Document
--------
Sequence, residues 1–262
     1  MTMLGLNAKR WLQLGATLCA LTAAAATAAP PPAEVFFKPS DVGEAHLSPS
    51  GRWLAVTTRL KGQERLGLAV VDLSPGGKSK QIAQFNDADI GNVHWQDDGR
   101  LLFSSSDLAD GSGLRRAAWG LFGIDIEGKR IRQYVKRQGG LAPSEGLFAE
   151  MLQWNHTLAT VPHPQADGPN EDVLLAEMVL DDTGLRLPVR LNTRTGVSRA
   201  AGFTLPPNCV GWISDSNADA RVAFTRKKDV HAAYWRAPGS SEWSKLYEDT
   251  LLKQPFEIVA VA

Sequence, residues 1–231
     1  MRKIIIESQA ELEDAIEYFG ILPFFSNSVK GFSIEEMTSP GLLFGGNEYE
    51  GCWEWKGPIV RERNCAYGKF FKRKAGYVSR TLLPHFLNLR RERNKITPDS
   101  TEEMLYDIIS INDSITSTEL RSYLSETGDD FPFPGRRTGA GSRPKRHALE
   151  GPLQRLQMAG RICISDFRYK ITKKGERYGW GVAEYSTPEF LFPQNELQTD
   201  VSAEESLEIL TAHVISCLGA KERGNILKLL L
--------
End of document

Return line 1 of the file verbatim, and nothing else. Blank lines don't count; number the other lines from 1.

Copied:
Sequence, residues 1–262